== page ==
When Julian’s parents moved back to New York City in 2010, he felt it was time to make a new home in the city he feels is the ideal place for musicians. It was around this time that he felt he had “found himself,” musically speaking. In 2010 he premiered a cello concerto written with him in mind by composer Samuel Jones, who held a residency at the Seattle Symphony. At the Symphony’s opening Gala that year, father and son shared the stage, and Julian, for the first time, felt like the soloist he was. He managed to impress his father who, a little nervously, called for a brief run-through of the piece at home before the evening’s performance. “He tested me a bit and when he offered me a music stand to play parts of the piece through, I declined. I had memorized the entire piece, made it my own, and my commitment was clear – to both of us,” notes Julian.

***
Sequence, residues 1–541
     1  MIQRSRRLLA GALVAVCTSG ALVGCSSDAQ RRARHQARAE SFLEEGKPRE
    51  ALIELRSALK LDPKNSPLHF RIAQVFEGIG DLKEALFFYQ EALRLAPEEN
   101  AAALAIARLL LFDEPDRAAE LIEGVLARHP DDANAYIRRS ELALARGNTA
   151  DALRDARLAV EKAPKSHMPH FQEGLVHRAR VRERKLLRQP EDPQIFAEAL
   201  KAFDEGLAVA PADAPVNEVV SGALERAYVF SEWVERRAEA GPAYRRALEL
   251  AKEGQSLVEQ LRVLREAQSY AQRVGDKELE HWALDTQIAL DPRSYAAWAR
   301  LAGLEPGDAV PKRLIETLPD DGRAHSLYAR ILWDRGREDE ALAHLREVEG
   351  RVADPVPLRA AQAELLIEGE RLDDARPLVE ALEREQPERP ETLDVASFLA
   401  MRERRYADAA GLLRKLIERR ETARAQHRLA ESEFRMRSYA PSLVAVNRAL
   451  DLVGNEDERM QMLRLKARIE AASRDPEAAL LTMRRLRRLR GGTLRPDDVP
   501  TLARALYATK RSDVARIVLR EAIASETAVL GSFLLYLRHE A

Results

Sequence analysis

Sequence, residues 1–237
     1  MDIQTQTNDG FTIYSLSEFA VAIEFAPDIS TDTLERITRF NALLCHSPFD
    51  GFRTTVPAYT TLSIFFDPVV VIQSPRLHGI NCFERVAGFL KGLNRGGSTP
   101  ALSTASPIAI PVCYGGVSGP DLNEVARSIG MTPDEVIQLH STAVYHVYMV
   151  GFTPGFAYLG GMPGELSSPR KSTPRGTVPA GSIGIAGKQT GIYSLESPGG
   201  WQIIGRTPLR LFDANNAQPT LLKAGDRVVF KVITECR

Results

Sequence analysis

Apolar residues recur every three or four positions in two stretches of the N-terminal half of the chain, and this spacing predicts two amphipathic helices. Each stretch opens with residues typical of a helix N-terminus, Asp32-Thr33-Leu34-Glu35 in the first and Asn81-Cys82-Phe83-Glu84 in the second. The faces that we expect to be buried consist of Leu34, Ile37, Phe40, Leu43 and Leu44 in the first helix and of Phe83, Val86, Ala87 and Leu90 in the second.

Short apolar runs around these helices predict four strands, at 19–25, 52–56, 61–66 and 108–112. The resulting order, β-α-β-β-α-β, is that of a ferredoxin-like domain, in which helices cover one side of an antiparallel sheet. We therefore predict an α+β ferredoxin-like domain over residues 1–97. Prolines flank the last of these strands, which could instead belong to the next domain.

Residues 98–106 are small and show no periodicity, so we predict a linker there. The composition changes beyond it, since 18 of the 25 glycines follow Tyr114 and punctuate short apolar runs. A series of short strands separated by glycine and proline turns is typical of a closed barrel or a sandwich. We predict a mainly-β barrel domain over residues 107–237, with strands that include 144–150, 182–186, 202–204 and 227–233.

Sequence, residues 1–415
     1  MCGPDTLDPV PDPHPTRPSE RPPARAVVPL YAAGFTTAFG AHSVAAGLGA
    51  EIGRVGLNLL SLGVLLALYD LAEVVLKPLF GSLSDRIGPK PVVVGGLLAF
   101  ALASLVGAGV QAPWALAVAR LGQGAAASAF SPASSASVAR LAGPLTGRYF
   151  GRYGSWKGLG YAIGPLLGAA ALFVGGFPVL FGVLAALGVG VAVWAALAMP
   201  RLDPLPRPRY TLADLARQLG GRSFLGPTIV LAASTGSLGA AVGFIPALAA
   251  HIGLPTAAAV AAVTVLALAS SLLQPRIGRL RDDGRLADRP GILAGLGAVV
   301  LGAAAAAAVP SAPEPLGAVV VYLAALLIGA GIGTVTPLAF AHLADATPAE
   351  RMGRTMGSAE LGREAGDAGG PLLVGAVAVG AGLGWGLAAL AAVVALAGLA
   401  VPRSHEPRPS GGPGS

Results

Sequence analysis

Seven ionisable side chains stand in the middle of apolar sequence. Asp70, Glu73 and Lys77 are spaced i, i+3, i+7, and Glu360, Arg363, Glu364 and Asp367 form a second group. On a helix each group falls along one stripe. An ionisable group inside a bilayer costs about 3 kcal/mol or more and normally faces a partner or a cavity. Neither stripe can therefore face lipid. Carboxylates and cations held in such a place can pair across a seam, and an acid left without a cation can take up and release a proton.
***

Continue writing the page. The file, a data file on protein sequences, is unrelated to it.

Photo: Courtesy Julian Schwarz
Being his father’s son is hard to overlook when talking about the young cellist, since his charismatic father boasts a vast recording catalogue of around 350 works collected throughout his long-lasting career. Julian speaks highly of his father: “I enjoy playing with him. In many ways, he is the person I learned from the most. I admire my father – it took me discovering that we actually agree on many things musically and in life, but I had to come to it on my own terms. The more I felt personally accomplished, the less I resented his great influence and realized I was lucky indeed for all the insights and great moments he brought into my life.” Such experiences between Julian and his father include summers spent in Liverpool, when Gerard conducted the Royal Liverpool Philharmonic Orchestra, or in New York, when in 1982, Gerard Schwarz became the first music director of Lincoln Center’s Mostly Mozart, a position he held for 20 years.